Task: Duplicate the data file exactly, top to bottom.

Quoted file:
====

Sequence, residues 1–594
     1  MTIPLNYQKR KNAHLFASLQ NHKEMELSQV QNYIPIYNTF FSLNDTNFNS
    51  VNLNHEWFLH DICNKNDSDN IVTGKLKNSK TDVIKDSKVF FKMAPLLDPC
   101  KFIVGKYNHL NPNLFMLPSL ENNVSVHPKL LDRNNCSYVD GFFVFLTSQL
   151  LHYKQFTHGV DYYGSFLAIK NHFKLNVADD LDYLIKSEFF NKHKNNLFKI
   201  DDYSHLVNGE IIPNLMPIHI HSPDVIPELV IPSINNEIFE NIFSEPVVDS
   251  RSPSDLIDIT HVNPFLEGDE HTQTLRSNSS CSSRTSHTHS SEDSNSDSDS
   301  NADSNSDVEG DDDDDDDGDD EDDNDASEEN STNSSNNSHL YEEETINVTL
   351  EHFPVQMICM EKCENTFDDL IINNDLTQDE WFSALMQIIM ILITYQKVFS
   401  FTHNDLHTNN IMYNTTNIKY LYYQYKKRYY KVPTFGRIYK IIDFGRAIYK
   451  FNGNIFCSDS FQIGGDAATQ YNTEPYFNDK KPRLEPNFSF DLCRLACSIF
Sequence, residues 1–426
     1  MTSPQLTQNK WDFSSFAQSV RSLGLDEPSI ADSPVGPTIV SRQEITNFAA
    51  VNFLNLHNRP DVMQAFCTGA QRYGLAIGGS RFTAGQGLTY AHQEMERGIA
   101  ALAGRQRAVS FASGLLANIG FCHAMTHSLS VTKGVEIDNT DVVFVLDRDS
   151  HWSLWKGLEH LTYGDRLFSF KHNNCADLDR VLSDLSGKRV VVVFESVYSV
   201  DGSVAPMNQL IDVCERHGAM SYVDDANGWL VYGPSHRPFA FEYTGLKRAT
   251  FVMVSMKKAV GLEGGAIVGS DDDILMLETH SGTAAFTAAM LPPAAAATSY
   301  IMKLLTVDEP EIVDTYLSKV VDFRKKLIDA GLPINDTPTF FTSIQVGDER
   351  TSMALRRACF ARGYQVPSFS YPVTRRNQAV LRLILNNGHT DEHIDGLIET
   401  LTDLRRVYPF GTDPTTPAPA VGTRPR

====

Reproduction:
Sequence, residues 1–594
     1  MTIPLNYQKR KNAHLFASLQ NHKEMELSQV QNYIPIYNTF FSLNDTNFNS
    51  VNLNHEWFLH DICNKNDSDN IVTGKLKNSK TDVIKDSKVF FKMAPLLDPC
   101  KFIVGKYNHL NPNLFMLPSL ENNVSVHPKL LDRNNCSYVD GFFVFLTSQL
   151  LHYKQFTHGV DYYGSFLAIK NHFKLNVADD LDYLIKSEFF NKHKNNLFKI
   201  DDYSHLVNGE IIPNLMPIHI HSPDVIPELV IPSINNEIFE NIFSEPVVDS
   251  RSPSDLIDIT HVNPFLEGDE HTQTLRSNSS CSSRTSHTHS SEDSNSDSDS
   301  NADSNSDVEG DDDDDDDGDD EDDNDASEEN STNSSNNSHL YEEETINVTL
   351  EHFPVQMICM EKCENTFDDL IINNDLTQDE WFSALMQIIM ILITYQKVFS
   401  FTHNDLHTNN IMYNTTNIKY LYYQYKKRYY KVPTFGRIYK IIDFGRAIYK
   451  FNGNIFCSDS FQIGGDAATQ YNTEPYFNDK KPRLEPNFSF DLCRLACSIF
Sequence, residues 1–426
     1  MTSPQLTQNK WDFSSFAQSV RSLGLDEPSI ADSPVGPTIV SRQEITNFAA
    51  VNFLNLHNRP DVMQAFCTGA QRYGLAIGGS RFTAGQGLTY AHQEMERGIA
   101  ALAGRQRAVS FASGLLANIG FCHAMTHSLS VTKGVEIDNT DVVFVLDRDS
   151  HWSLWKGLEH LTYGDRLFSF KHNNCADLDR VLSDLSGKRV VVVFESVYSV
   201  DGSVAPMNQL IDVCERHGAM SYVDDANGWL VYGPSHRPFA FEYTGLKRAT
   251  FVMVSMKKAV GLEGGAIVGS DDDILMLETH SGTAAFTAAM LPPAAAATSY
   301  IMKLLTVDEP EIVDTYLSKV VDFRKKLIDA GLPINDTPTF FTSIQVGDER
   351  TSMALRRACF ARGYQVPSFS YPVTRRNQAV LRLILNNGHT DEHIDGLIET
   401  LTDLRRVYPF GTDPTTPAPA VGTRPR